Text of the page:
If you want to burn off some Christmas calories on the treadmill or take up a yoga class at the City Centre Aquatic Complex (CCAC) in the new year, you’ll have to head next door.
As of February, the Coquitlam fitness areas will close for upgrades — with the equipment and programs moving to the Innovation Centre, beside the Evergreen Cultural Centre.
Swimming, however, will still be on during the year-long construction project.
Monday, city council OK’d the final design for the CCAC renovation and expansion — and earmarked $450,000 from the COVID-19 contingency fund for potential labour and materials delays during the pandemic — to launch the $5-million capital project.
When done, at the end of 2021 or early 2022, patrons will see a new layout to the City Centre building with the former physiotherapy space becoming the new weight room, the café also bumped up to the foyer, and the multi-purpose and fitness rooms moved down the hallway, to the south end.
As well, a small space for outdoor fitness will be created, at the corner of Guildford Way and Town Centre Boulevard.
Don Luymes, Coquitlam’s general manager of parks, recreation, culture and facilities, told council the facility updates are expected to bring in 65,000 more visits a year, totalling $250,000 in revenues for the city.
But that amount is expected to be offset by rising costs, starting in 2022: $39,000 more to operate the centre plus an additional $213,000 for new programs, facility and support expenses. As well, the city will lose $76,000 annually from the physiotherapy business lease.
“With the expanded classes and program offerings, additional staffing will be needed,” Tiina Mack, Coquitlam’s manager of recreation and culture facility planning, told the Tri-City News. “The city will review staffing needs once room programming has been finalized, closer to the completion date.”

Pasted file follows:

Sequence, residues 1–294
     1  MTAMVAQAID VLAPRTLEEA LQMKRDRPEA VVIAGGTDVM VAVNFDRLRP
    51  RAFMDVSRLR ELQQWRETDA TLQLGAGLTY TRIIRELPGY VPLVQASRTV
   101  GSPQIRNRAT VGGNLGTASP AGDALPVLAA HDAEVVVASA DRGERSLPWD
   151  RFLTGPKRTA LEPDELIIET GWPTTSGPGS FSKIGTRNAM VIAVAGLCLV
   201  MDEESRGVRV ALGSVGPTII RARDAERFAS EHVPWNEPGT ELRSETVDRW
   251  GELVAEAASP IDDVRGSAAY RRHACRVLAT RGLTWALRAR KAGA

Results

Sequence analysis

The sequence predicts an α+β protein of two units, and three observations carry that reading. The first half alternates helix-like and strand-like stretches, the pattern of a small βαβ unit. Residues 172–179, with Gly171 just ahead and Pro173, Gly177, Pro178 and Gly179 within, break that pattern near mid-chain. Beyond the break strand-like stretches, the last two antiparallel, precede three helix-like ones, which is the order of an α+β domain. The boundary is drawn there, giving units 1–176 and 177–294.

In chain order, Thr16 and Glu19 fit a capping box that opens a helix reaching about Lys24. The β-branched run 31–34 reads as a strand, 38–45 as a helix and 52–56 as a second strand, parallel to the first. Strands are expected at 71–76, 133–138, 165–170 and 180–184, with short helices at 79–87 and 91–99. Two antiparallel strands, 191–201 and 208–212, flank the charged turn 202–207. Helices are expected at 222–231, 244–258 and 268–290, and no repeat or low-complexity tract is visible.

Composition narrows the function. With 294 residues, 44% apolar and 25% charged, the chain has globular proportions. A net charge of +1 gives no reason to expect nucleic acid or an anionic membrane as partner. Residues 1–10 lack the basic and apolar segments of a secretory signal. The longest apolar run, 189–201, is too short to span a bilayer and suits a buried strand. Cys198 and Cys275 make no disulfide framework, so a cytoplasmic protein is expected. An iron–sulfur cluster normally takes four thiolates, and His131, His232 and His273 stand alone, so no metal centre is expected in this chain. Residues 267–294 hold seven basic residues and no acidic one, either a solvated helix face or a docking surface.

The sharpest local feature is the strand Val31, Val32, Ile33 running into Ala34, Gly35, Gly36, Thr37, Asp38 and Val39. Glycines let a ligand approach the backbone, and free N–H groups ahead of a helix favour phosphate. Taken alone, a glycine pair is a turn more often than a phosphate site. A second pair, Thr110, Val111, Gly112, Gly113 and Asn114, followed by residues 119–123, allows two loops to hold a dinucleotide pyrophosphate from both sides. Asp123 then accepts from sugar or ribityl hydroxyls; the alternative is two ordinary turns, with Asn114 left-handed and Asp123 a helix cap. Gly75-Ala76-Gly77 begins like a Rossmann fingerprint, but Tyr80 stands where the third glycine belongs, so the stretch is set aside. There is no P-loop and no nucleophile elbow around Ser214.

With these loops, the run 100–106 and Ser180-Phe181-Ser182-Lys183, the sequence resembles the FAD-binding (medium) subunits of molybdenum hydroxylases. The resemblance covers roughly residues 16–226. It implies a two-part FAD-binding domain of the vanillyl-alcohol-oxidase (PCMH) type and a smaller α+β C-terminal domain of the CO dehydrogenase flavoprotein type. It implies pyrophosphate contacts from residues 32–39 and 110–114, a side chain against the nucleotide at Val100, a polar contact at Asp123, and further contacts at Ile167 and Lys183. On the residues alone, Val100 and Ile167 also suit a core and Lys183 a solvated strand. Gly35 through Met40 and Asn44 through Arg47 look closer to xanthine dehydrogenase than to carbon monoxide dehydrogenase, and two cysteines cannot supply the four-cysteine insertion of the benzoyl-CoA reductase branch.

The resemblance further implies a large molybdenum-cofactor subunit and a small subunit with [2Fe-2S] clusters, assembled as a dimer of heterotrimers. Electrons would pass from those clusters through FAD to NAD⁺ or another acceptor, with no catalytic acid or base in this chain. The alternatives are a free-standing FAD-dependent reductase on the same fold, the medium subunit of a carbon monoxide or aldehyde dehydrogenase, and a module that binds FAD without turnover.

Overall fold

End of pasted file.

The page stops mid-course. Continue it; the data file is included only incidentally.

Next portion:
The aim of the renos and expansion is to meet current and future demand — especially as new homes go up in the growing City Centre and Burke Mountain neighbourhoods — and to be more inclusive for women and seniors, with more privacy and easier access.
In all, the modernized CCAC will include:
• 30 more group fitness classes per week
• up to 20 new spin classes per week
• 21 new pieces of fitness equipment
• 30 more aquatic leadership programs per year
• more free weight and stretching space
• and more childminding sessions
As for future changes, Mack said the whole facility is on the list for improvements between 2026 and 2031 as part of the Aquatics Services & Infrastructure Strategy, “which is anticipated to include work on the two tanks and the addition of an outdoor pool,” she said.
Opened in 1994, CCAC now has an eight-lane Olympic-sized lap pool, a wave pool, a slide, rope swing, whirlpool, steam room and sauna. Last year, the facility saw about 550,000 visits.